Dr. Greg Leyer, Chief Scientific Officer at UAS Labs, presented on the results of a new clinical study on the company’s strainsL. acidophilus DDS-1 and B. lactis UAB1a-12 compared to placebo on gastrointestinal symptoms in 330 participants. The strains were both selected based on anti-inflammatory activity and were delivered at the dose of 10 billion cfu/day for 6 weeks. Because IBS is known to present high placebo response, the excessive placebo responders (who saw their symptoms decrease by 25% or more) were screened out in the first 2 weeks.

Both strains were able to significantly reduce symptoms of IBS (-36% with DDS-1 and -22% with B. lactis, after 6 weeks), with clinically relevant improvement of bloating and bowel habits as well as reduced constipation and diarrhea.

Finally, Julian Mellentin, the founder of New Nutrition Business, provided insights for successful science commercialization. He advised companies in the field to:

  1. Strive to become experts both in science AND market – with a need to understand better consumers, their complexities and how to get the information to them;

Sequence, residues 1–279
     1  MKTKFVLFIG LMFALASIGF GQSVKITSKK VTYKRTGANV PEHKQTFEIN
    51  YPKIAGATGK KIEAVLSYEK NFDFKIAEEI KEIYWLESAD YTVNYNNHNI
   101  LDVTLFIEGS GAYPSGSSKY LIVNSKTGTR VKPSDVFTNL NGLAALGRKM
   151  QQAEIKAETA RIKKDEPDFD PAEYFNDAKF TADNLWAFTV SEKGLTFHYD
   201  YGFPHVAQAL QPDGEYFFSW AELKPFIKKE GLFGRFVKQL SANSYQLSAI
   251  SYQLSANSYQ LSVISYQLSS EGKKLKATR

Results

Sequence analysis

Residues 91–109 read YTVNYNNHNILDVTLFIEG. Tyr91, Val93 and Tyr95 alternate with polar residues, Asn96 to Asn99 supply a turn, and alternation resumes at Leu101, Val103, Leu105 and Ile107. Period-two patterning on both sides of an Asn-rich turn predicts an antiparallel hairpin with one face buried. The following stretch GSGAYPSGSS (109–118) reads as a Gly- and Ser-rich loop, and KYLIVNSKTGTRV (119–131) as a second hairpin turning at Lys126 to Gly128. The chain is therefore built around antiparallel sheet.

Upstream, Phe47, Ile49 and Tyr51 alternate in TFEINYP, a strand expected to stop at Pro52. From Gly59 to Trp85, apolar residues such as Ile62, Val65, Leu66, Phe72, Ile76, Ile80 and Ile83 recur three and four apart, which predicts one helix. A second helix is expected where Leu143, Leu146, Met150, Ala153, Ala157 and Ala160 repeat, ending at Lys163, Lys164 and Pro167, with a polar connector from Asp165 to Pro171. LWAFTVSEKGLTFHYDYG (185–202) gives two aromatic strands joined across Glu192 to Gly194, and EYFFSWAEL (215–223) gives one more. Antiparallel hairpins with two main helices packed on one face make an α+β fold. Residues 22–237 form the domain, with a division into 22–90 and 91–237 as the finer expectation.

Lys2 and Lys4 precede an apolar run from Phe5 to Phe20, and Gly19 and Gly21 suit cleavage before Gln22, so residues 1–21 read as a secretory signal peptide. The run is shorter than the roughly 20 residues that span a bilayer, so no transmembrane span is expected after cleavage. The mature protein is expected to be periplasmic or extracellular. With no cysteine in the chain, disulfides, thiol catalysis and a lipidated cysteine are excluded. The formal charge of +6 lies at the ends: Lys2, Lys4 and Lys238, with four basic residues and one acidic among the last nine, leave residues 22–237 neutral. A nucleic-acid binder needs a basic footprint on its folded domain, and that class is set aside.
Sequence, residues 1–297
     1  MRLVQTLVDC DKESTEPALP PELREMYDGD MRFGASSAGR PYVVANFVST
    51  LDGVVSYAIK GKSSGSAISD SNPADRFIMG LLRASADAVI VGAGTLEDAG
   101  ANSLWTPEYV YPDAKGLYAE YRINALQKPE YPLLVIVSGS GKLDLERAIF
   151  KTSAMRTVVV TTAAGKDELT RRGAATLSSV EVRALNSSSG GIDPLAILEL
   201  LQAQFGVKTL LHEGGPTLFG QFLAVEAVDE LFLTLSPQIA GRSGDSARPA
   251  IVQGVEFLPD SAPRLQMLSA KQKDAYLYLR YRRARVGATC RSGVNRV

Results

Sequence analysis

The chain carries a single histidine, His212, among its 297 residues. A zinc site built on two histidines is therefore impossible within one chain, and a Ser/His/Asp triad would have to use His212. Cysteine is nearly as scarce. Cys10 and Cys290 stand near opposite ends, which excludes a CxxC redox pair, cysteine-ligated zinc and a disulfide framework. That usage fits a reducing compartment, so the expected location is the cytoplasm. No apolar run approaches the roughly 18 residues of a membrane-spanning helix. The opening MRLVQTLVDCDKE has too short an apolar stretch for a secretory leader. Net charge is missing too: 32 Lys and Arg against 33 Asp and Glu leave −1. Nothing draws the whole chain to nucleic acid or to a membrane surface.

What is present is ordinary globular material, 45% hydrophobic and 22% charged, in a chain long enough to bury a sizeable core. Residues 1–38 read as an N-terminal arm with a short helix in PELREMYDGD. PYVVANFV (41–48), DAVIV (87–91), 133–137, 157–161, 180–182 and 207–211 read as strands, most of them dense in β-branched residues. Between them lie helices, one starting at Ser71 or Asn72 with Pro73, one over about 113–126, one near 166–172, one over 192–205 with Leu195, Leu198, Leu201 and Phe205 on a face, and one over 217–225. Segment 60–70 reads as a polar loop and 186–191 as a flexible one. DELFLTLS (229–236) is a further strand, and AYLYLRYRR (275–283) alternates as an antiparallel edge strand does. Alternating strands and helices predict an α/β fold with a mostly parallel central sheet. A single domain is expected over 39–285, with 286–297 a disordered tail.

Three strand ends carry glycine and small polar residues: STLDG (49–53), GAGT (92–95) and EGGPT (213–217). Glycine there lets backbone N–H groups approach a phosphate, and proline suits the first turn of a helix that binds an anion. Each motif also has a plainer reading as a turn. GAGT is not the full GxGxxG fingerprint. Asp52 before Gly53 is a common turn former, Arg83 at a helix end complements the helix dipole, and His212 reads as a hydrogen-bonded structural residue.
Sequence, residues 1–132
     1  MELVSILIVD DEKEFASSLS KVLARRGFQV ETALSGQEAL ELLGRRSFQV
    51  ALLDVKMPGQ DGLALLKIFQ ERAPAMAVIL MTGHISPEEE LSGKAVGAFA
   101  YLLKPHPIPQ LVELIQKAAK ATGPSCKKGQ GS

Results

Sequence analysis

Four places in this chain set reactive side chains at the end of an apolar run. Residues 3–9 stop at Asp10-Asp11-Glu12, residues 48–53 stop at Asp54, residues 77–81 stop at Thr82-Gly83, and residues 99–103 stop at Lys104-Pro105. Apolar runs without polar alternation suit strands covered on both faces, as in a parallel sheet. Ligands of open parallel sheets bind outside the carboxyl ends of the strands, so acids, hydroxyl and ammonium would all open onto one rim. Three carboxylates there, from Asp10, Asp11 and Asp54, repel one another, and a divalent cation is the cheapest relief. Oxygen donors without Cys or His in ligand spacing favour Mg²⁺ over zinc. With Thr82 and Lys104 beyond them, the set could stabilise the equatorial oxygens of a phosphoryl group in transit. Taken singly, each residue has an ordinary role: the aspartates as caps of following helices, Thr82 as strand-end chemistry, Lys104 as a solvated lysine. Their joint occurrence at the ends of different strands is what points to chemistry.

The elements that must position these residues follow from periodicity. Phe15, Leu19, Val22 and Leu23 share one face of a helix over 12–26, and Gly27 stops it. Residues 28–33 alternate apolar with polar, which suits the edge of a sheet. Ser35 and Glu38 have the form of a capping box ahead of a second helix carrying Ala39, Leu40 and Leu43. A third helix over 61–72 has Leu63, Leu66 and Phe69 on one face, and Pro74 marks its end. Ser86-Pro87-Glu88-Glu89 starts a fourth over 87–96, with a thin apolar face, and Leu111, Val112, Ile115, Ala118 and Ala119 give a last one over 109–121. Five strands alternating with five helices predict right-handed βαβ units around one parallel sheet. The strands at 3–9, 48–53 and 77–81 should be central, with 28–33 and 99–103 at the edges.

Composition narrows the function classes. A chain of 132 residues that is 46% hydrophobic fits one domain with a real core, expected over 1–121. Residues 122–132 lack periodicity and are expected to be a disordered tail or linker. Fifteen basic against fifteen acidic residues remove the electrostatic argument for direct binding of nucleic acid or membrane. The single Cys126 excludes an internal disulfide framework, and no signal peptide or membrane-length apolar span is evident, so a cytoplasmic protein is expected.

2. Help the consumers feel (or measure) the benefit
  3. Find the best product type to promote or endorse their science
  4. Give retail strategy as much importance as they give to science
  5. Consider Asia and America are THE place to be (health-conscious, open to innovation, willing to spend money on maintaining health)
  6. Avoid treating health claims as the answer and invest in other ways of communication.

Following Julian’s advice, Day 2 of Probiota started with 3 talks dedicated to consumer market insights.

Jen Thompson, Healthcare Regulatory Manager at Walgreens Boots Alliance, focused on consumer health. She notes that the chain of communication tends to start from authorities, like the NHS in the US that advises the use of probiotics when taking a course of antibiotics, leading to Doctors recognition and recommendation. In the US, over 90% of Doctors say probiotics have a beneficial effect for Antibiotic-Associated Diarrhea (AAD), and 74% of them have already recommended their patients to take probiotics. However, information available online doesn’t always match scientific evidence (Neunez et al., 2020), and the industry is left with a disconnect between the science and regulation, having thus difficulty explaining the science to consumers. The EU market is nagging behind the US due to the difference in legislation, while healthcare professionals are starting to truly understand probiotics science and endorse it in their practice, Jen says.